Loving the Unlovable

Stand-up comedians all have their favorite material.  But  most consistent to them all is ragging on in-laws.  The gruesome mother-in-law who’s going to dominate everyone’s lives, raise the children and finally drive the husband to the nut house – probably crashing on the way and killing him.  Her wish fulfilled.

Of course, the daughter-in-law can’t make dinner the way “I made it for my son.” “He’s losing weight.  Aren’t you feeding him?”  Here’s an old one “You mean to tell me you bought that dress with my son’s hard earned money?  It isn’t even flattering!  It shows lumps I didn’t even know you had!” (but suspected.)

Once one of my sons told his wife she certainly couldn’t make chocolate chip cookies the way his Mom did.  That was 15 years ago, and I’ve been working at making my cookies uneatable ever since.  And she, incidentally, has become a world-class cook in my opinion.  Maybe it was that comment that spurred her on to culinary greatness.  Though I doubt it as she’s accomplished in everything she puts her hand to.  Since I’m sort of emphasizing the cooking of my girls, Sandra has catered for art shows and other parties in “party-wonderland” – Aspen, Co.

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Chef and Caterer Extraordinaire

In my blog about caring for Mom I mentioned the traumatic move from 35 years of being dug into the home of all homes (in my mind).   My wonderful children made the transition bearable.  And even now, barely 7 months later, I can look back with appreciation on all the contributions each made in expressing their love to their Dad and I.  I’d made reference to something my girls (to me, my girls, to others perhaps my daughters-in-law.)  Over the years, after my sons married and left home, each ended up with some issues that motivated them to move back in with Dad and I for brief periods of time – the longest was 11 months, the shortest about 9.  It became a joke among the girls who could find the jar or can of food with the oldest expiration date on it.  I do believe one of my sons, in about 1994, found a can of parmesan cheese about from 1974.  I tried to explain to him that I was experimenting, hoping the can would eventually produce another child for me to raise, as I never had enough babies.  I also swore him to secrecy.  (I don’t think he kept his oath.)  As the girls began to go through my cuboards looking for ingredients for various dishes, they would shriek with horror at the expiration date.  They were sure I was trying to kill off the entire family.  I kept pointing out that in my 40 years of child-rearing, I hadn’t offed anyone I was aware of.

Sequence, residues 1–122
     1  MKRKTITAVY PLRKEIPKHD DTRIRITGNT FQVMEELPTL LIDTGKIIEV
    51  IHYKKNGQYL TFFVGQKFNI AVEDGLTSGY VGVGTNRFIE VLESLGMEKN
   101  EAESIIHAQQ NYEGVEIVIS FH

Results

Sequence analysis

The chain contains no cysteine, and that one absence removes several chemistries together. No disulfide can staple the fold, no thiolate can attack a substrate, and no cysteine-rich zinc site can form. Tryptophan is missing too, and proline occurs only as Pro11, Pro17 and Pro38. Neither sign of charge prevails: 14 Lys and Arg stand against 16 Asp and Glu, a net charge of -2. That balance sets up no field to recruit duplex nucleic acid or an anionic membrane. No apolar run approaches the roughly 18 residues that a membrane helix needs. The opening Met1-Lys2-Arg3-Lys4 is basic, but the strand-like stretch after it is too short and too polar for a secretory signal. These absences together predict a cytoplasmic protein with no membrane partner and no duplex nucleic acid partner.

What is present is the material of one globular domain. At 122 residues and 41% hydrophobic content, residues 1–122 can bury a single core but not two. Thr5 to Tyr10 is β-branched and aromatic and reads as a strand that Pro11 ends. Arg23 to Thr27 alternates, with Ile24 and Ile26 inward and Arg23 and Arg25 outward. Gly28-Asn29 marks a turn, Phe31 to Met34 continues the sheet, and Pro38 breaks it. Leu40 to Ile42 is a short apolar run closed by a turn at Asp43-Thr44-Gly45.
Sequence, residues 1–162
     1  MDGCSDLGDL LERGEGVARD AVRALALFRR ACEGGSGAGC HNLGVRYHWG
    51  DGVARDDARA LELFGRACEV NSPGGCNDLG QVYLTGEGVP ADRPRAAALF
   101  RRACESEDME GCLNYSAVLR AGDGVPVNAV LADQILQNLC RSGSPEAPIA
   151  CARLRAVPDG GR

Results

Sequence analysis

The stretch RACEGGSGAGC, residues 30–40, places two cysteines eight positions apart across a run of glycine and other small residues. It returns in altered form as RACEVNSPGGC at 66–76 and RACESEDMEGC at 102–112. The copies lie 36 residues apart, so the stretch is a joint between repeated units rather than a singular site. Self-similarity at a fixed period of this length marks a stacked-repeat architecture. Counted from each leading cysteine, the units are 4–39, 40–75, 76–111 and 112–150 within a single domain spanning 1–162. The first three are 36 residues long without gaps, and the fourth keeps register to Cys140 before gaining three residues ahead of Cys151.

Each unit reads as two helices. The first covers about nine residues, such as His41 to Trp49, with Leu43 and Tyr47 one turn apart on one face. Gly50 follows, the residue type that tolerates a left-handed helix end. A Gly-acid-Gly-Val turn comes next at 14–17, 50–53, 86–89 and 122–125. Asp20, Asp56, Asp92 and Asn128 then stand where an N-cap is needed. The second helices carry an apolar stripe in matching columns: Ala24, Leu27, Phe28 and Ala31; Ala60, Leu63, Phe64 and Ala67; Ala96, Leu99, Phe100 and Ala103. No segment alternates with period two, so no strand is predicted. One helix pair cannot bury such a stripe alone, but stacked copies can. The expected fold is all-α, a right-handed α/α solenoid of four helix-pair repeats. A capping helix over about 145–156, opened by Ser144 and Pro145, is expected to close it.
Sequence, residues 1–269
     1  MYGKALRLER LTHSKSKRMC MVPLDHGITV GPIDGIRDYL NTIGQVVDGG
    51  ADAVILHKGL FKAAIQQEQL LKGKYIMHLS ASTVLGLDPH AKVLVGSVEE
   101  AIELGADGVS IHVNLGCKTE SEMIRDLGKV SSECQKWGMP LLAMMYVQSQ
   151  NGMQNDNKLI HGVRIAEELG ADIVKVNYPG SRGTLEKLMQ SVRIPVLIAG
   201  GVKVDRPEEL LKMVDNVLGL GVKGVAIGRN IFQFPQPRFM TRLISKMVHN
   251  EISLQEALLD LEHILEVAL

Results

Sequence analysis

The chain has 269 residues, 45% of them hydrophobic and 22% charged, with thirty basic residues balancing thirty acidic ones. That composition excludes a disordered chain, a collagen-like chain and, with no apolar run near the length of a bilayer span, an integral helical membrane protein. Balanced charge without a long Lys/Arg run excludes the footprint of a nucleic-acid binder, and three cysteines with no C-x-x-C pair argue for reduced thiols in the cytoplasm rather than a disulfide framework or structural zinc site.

My girls got back at me on move day.  They were the ones packing up the kitchen.  After I got a bit settled in my new home,  I would want to cook something (well, not “want” – I’ve sort of given up cooking.  Sometimes I need to so my family won’t starve.)  I would know I had the needed ingredients, but not be able to find them.  I wrote it off to the “box Nazi”, mentioned in “Caring for Mom”, and went on with making a dish with no seasoning – bland and fit for the dogs.  One night my cousin and her husband were coming to visit Mom.  They’d never been in my home, and I was set to impress!  We were to start with the real shrimp cocktail, not the kind with the ready made platter, sauce, limp shrimp, etc.  I got the real McCoy – fresh shrimp!  I knew I had dip in the fridge.  Only I didn’t – discovering that fact as my cousins were arriving.  It was at that moment that I realized my beloved girls had indeed sabatoged me.

In my view of gaining new family members, such as the girls my sons marry, I considered what I went through with each pregnancy.  I never knew if I’d have a boy or girl, a disfigured child or one with extreme health problems.  I didn’t know what they’d turn out to be in their lives – generous, selfish, loving, retarded, brilliant.  And yet I never had a doubt that I’d love them no matter what the outcome.  Just because when their wives were “born” to me they were older, they were still my children and I would love and cherish each for their individuality.  That outlook has never left me.  Each one leaves a unique mark in my heart which will always be theirs, just as my sons have. I celebrate their diversity and believe it enriches myself and my family.  I believe we’ve raised our sons with soundness of mind, and their choice in a life-time companion will reflect their good judgment.  Time has proven that to be the case!